STANTON — Taxes won’t be going up anytime soon in this city.
At Tuesday evening’s meeting, the Stanton City Commission approved a 2014-2015 budget that not only balances, but won’t be adding any tax burden to city residents.
The budget passed unanimously, with the current millage rate of 13.6154 remaining unchanged for the coming fiscal year. Despite this, the city’s economic forecast is fairly rosy, according to City Manager James Freed.
“It’s a balanced operating budget,” Freed said. “The only fund balance being used is for capital outlay.”
Some of that comes in the form of $65,000 to fund park and recreational improvements within the city. Since the city had set aside $100,000 for that purpose, $40,000 earmarked for those improvements remains in the general fund.
In addition to passing the budget, the commission also voted to approve a six-year, long-range capital improvement plan which spells out all major expenditures the city is likely to be looking at through 2020. By being proactive, commissioners hope to avoid any “surprises” down the road, surprises that could knock the city’s budget off kilter.
“This provides a six-year road map to achieving the city’s deliverables but in a balanced way and without raising our taxes,” Freed said. “This tells our residents and businesses that we won’t be reinventing the wheel every budget year. Unlike some communities, we don’t spend our money for a year and then wonder where it’s going to come from again.”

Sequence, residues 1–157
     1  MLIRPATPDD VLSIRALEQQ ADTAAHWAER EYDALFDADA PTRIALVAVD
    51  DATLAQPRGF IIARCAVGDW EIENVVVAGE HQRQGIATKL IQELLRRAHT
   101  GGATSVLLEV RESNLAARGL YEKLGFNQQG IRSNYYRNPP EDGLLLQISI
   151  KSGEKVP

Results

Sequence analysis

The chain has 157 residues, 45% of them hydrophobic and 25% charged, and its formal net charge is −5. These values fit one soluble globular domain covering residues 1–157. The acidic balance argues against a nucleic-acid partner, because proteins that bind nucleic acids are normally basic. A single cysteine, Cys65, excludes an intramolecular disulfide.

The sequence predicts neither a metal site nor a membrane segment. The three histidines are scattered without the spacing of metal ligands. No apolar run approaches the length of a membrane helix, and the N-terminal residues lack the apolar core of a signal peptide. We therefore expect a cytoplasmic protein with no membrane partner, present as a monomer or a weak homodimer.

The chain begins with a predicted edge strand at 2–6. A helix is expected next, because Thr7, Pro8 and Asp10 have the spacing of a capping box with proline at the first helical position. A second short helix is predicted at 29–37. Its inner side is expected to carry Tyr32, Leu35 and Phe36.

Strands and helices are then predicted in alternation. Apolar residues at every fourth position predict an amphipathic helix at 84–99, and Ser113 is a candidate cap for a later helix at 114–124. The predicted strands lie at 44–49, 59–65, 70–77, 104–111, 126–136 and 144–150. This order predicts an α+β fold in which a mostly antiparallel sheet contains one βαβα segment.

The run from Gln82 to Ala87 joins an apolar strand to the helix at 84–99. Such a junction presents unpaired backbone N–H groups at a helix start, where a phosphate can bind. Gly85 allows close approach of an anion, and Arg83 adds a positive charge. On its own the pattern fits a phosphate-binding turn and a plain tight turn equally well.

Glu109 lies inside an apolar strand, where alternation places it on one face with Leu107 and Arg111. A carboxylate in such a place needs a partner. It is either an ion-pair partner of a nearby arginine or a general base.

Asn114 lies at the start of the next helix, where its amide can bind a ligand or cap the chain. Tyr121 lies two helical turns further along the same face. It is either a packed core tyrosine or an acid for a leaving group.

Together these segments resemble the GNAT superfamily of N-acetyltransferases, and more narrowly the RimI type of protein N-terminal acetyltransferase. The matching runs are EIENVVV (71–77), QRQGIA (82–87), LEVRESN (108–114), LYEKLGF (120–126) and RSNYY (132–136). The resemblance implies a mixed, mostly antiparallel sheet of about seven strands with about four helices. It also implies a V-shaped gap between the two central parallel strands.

Freed claims Stanton is the only area municipality, aside from Lakeview where he is village manager, to have a long-term plan of this type in place. By keeping taxes low and demonstrating a long-term commitment to keeping them that way, Stanton commissioners are hopeful business and new residents will be attracted to move and invest in the area.
“The budget not only reflects a stable and responsible operational government, it furthermore represents our commitment to community development and quality of life,” Freed said. “Our greatest economic advantage is that we are a great place to live, work and raise a strong family. Our investments in public safety and parks and recreation are a testament to that cause.
“The six-year projected budget and capital improvement plan demonstrate to not only our residents, but just as importantly the business community that we are a stable and secure place to invest capital, expand operations and grow jobs. Low taxes, stable government and quality infrastructure are not just about quality of life, but also job growth and creation.”
In other business, the commission approved the replacement of many of the city’s current mercury-vapor type street lamps with high pressure sodium lights. The cost of the project is being borne by Consumers Energy, which owns and maintains the lights.
Commissioner Karl Yoder said he would like to see LED (light emitting diode) lights replace the mercury-vapor lamps. The street lamps along the downtown business area, which were put in during the recent streetscape project, are of the LED variety.
“Why can’t we get the LEDs in?” Yoder asked.
Freed explained that Consumers Energy is willing to put the high pressure sodium lamps in for free, but LED replacements would cost somewhere in the neighborhood of $1,000 per unit to replace, a price which would have to be borne by the city.
“Personally, I’d rather get the free ones,” Freed said.
Freed also noted the reason the LED bulbs in the downtown area were not nearly so expensive was because they did not have to be retrofitted to existing poles.
The new bulbs will lower the city’s metered per-light rate from $14 to $11 per month.
The commission meets next on May 27.